When talking about well paid athletes, people usually focus on Premier League footballers or American sports stars with hundred million dollar contracts. And if you prefer rugby, you might assume that the players in this gentleman’s game are on more modest salaries.
While that’s true to a degree, there are some surprisingly minted rugby players. You just have to look outside of the UK to find the biggest pay checks. Here are just a few of the top earners in the sport at the moment.
We’ll start off with fan favourite Tuilagi, whose current club Leicester Tigers pay him a cool £460,000 a year to remain loyal to them. He may have been hampered by one or two injuries and weight issues recently, but his flare on the pitch and his personality off it help to justify his earnings.
Sticking to Irish side Leinster, as well as his home country itself, Sexton rakes in £500,000 a year. And fans will remember that he even spent a few years playing in France for Racing 92; a move which ended up being a bit of a career misstep, even if the money was right.
France is home to some of the biggest paying rugby teams around, as you’ll discover later in this list. This helps it to draw in players looking for a serious payday, even if they don’t all stick it out for long.
The southern city of Toulon and the rugby team of the same name are especially popular options for transfers. And with the casinos and night clubs of Monaco less than two hours away by road, it is obvious why big spenders flock to this region.
Sure, some top flight footballers can net Johnny Sexton’s annual salary in a week, but compared to most people his earnings easily put a lifestyle of wealth and fame within his grasp.
As mentioned earlier, Toulon pays top dollar for its rugby stars, one of whom is New Zealand-born Nonu. He’s won two Rugby World Cups with his national side and under his current contract takes home £600,000 a year. When you factor in sponsorship deals and other add-ons, his total earnings are likely to be much, much higher.
Living on the Mediterranean coast in a mid-sized city is the kind of experience that many people envy. Although the naval and trading roots of Toulon in particular make it a little less glamorous than some of its neighbours on the Cote d’Azur.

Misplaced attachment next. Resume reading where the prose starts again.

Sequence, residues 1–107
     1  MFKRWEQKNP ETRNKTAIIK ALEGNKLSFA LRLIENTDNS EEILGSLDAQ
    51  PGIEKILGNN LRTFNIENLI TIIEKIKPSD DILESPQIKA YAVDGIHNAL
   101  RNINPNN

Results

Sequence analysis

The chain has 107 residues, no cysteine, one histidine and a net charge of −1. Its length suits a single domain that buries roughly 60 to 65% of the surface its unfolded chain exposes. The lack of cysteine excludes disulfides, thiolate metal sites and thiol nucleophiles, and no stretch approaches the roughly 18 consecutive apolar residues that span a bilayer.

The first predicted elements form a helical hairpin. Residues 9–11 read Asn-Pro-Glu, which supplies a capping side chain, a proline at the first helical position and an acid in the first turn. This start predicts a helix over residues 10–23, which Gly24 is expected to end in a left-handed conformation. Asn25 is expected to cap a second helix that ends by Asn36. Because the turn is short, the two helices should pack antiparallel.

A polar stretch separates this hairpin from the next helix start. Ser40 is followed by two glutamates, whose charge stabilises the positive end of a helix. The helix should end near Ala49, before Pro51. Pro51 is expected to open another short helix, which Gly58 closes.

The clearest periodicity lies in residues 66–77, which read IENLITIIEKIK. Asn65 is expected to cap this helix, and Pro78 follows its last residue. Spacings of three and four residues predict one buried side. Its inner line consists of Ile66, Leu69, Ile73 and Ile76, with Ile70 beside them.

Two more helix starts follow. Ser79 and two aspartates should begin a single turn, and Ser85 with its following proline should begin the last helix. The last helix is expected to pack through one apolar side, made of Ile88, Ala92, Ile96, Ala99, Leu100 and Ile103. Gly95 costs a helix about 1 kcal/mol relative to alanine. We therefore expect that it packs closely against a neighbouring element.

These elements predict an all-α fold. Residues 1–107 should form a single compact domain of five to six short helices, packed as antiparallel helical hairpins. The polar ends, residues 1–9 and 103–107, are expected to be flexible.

OK, so this former Welsh pro wasn’t exactly one of the highest paid rugby players in the World but he’s our wildcard earner. This talented rugby pro had a stint in the pro12 league with Glasgow warriors, but recently discovered he had a knack for darts and has since broken into the top 25 darts players in the World, amassing over £300,000 in the last two years!
He reportedly also won $10,000 playing roulette whilst competing in a darts competition in Vegas! Luck & skill clearly favours this Welshman, if he had the same luck playing on casumobonus.com as he did in Vegas, he could become a millionaire yet some day!
Another of Toulon’s top earners, Giteau’s contract is for £900,000 a year. But according to recent reports, he could be looking to move over to the Japanese Top League this season. It’s unlikely he’ll take a pay cut in the process, even if he’s entering his mid-30s and is heading towards the end of his top flight career.
Some teams in his homeland of Australia have apparently been attempting to court Giteau’s attention. But as he’s used to living a life of luxury on the south coast of France, rubbing elbows with celebrities and Hollywood hotshots on holiday, it might take quite a bit to lure him back down under.
Racing 92 is a rugby team that sits in the suburban expanses surrounding the French capital of Paris. So while it might not have the appeal of Toulon in terms of sun, sea and beautiful people, it can definitely pay a lot to secure the hottest assets in the game today.
Carter is another New Zealander who has made the leap to Europe to play club games, while still making an impressive impact on the field for his national side when the need arises. And at current reckoning he earns £1.4 million a year for his hard work.
To put that in perspective, the average salary in France at the moment is equivalent to around £24,000. So it would take a typical employee a little over 60 years to make what Carter does in the course of 12 months. It’s best to try not to think about it, to be honest.
Hailing from Japan, where rugby is rising in popularity by the year, Goromaru now makes over £1.4 million a year thanks to transferring from the Queensland Reds to the deep-pocketed French team of Toulon. While this may only be a temporary switch, he could end up coming to a European team permanently in the future if his pay expectations stick at this level.
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